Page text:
• For nymphs and pupa I like to dub blends of natural furs because these produce buggy looking insect bodies. Counter wrapping these bodies with gold, silver, copper or olive wire produces a neatly segmented tapered fly body. However, if you wind the same ribbing materials with a forward motion you can produce an insect body with translucent living appearance.

Hen Saddles

Speckled Indian Hen Saddle
Speckled Indian Hen Saddle

Speckled Indian Hen Saddles are great for hackleing nymphs and soft hackles. They are dyed in many different colors, are inexpensive and you can tie hundreds of great flies with each saddle.
I like to keep this hackle sparse on my Mr. Rapidan Soft Hackle Nymph flies, Mr. Rapidan Bead Head Nymphs flies and all of my Murray’s Magic Caddis Pupa flies because I believe this conveys a realistic fly-action to the trout.

If you are interested in fly tying check out our fly tying classes we are offering in the winter.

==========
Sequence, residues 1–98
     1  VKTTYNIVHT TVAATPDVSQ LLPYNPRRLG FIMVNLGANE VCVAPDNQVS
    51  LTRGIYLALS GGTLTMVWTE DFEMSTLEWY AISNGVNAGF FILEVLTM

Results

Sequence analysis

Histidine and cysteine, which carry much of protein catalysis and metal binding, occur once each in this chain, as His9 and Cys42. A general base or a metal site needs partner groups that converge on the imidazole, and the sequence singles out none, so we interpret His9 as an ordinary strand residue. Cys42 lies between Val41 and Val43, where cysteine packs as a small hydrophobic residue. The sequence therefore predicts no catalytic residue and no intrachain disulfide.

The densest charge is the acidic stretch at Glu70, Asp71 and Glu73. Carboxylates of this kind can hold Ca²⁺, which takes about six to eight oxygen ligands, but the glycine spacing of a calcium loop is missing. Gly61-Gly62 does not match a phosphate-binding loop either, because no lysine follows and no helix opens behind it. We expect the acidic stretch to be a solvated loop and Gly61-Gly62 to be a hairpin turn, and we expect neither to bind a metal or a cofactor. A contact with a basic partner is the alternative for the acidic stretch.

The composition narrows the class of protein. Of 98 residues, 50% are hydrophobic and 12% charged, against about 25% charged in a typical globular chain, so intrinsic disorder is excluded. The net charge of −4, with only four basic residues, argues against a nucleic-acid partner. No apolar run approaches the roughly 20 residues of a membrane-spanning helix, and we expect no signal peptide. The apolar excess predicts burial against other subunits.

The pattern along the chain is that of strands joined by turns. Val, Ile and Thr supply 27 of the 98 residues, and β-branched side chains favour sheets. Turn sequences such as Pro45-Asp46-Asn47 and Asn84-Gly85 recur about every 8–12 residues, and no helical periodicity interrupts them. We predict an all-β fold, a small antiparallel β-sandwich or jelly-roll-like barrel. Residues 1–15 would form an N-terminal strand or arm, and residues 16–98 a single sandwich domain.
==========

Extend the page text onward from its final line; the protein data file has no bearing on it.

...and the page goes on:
Thermometer

Stream Thermometer
Stream Thermometer
I rely strongly on my stream thermometer to help me select proper flies to fish.
I rely strongly on my stream thermometer to help me select proper flies to fish.

My Stream Thermometer is a very important part of my trout and smallmouth bass angling.  For example, on mountain trout streams the first thing I do is take the stream temperature. In early March if it is much below 40 degrees I know I will catch more trout on nymphs than I will on drys. In August a mountain trout stream temperature of 68 degrees in the afternoon means the trout are not going to feed heavily. The next trip I should get there about dawn when the stream may be several degrees cooler.
A smallmouth bass trip early in the spring with a river temperature of 52 degrees tells me to fish my flies slowly along the streambottom.
These stream temperatures go on my calendar at home along with readings over the last twelve years. Checking these helps me plan future trips on where to go and what to use.

Ruffled Grouse

Ruffled Grouse Body Feathers
Ruffled Grouse Body Feathers

Ruffled Grouse Body Feathers are some of my favorite materials for hackling nymphs and soft hackle flies. These feathers are easy to use and produce a very realistic pulsating fly action in the stream.

Murray’s Strymph

Murray's Olive Strymph Smallmouth Bass Trout Fly Fishing Murray's Fly Shop VA
By carefully designing the Murray’s Strymph, Harry Murray was able to produce a fly that would pass for both a streamer and a nymph.